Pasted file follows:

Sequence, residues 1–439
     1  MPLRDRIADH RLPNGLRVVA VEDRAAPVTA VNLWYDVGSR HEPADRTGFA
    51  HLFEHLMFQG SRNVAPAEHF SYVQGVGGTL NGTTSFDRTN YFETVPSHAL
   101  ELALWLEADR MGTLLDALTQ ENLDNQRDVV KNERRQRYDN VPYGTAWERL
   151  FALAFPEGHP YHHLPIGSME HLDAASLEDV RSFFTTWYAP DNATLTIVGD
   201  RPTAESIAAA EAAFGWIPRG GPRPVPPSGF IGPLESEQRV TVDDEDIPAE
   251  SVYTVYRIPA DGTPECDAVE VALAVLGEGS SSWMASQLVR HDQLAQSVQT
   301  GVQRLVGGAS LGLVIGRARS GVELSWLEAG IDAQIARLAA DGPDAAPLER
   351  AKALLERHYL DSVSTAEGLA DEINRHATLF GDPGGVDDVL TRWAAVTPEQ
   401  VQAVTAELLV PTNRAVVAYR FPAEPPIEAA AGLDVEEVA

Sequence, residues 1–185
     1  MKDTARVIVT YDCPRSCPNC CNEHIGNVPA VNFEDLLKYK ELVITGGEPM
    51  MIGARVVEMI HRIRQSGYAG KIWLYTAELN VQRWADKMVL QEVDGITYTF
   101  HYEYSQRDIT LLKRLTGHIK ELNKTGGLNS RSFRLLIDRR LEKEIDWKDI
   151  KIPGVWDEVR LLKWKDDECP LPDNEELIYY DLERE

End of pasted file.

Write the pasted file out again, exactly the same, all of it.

Sequence, residues 1–439
     1  MPLRDRIADH RLPNGLRVVA VEDRAAPVTA VNLWYDVGSR HEPADRTGFA
    51  HLFEHLMFQG SRNVAPAEHF SYVQGVGGTL NGTTSFDRTN YFETVPSHAL
   101  ELALWLEADR MGTLLDALTQ ENLDNQRDVV KNERRQRYDN VPYGTAWERL
   151  FALAFPEGHP YHHLPIGSME HLDAASLEDV RSFFTTWYAP DNATLTIVGD
   201  RPTAESIAAA EAAFGWIPRG GPRPVPPSGF IGPLESEQRV TVDDEDIPAE
   251  SVYTVYRIPA DGTPECDAVE VALAVLGEGS SSWMASQLVR HDQLAQSVQT
   301  GVQRLVGGAS LGLVIGRARS GVELSWLEAG IDAQIARLAA DGPDAAPLER
   351  AKALLERHYL DSVSTAEGLA DEINRHATLF GDPGGVDDVL TRWAAVTPEQ
   401  VQAVTAELLV PTNRAVVAYR FPAEPPIEAA AGLDVEEVA

Sequence, residues 1–185
     1  MKDTARVIVT YDCPRSCPNC CNEHIGNVPA VNFEDLLKYK ELVITGGEPM
    51  MIGARVVEMI HRIRQSGYAG KIWLYTAELN VQRWADKMVL QEVDGITYTF
   101  HYEYSQRDIT LLKRLTGHIK ELNKTGGLNS RSFRLLIDRR LEKEIDWKDI
   151  KIPGVWDEVR LLKWKDDECP LPDNEELIYY DLERE